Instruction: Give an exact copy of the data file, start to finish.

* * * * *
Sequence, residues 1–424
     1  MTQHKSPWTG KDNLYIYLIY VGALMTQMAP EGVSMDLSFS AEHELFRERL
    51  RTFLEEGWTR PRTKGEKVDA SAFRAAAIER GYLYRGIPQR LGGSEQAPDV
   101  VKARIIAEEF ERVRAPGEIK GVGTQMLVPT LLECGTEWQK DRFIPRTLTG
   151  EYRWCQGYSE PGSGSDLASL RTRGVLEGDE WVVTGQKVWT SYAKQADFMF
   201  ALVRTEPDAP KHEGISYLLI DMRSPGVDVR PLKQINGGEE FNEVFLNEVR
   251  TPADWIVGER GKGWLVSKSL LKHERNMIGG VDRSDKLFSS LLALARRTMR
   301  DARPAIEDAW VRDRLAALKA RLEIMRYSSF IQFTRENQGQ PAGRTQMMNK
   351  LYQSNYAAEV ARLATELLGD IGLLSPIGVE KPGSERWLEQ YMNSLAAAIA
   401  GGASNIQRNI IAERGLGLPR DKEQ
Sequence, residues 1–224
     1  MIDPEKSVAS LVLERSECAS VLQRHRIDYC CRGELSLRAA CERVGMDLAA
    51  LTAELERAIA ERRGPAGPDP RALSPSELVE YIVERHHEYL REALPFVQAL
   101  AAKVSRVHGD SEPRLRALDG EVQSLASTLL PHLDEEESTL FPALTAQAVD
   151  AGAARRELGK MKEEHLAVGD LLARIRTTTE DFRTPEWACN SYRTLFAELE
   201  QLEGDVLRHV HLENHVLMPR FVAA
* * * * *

Sequence, residues 1–424
     1  MTQHKSPWTG KDNLYIYLIY VGALMTQMAP EGVSMDLSFS AEHELFRERL
    51  RTFLEEGWTR PRTKGEKVDA SAFRAAAIER GYLYRGIPQR LGGSEQAPDV
   101  VKARIIAEEF ERVRAPGEIK GVGTQMLVPT LLECGTEWQK DRFIPRTLTG
   151  EYRWCQGYSE PGSGSDLASL RTRGVLEGDE WVVTGQKVWT SYAKQADFMF
   201  ALVRTEPDAP KHEGISYLLI DMRSPGVDVR PLKQINGGEE FNEVFLNEVR
   251  TPADWIVGER GKGWLVSKSL LKHERNMIGG VDRSDKLFSS LLALARRTMR
   301  DARPAIEDAW VRDRLAALKA RLEIMRYSSF IQFTRENQGQ PAGRTQMMNK
   351  LYQSNYAAEV ARLATELLGD IGLLSPIGVE KPGSERWLEQ YMNSLAAAIA
   401  GGASNIQRNI IAERGLGLPR DKEQ
Sequence, residues 1–224
     1  MIDPEKSVAS LVLERSECAS VLQRHRIDYC CRGELSLRAA CERVGMDLAA
    51  LTAELERAIA ERRGPAGPDP RALSPSELVE YIVERHHEYL REALPFVQAL
   101  AAKVSRVHGD SEPRLRALDG EVQSLASTLL PHLDEEESTL FPALTAQAVD
   151  AGAARRELGK MKEEHLAVGD LLARIRTTTE DFRTPEWACN SYRTLFAELE
   201  QLEGDVLRHV HLENHVLMPR FVAA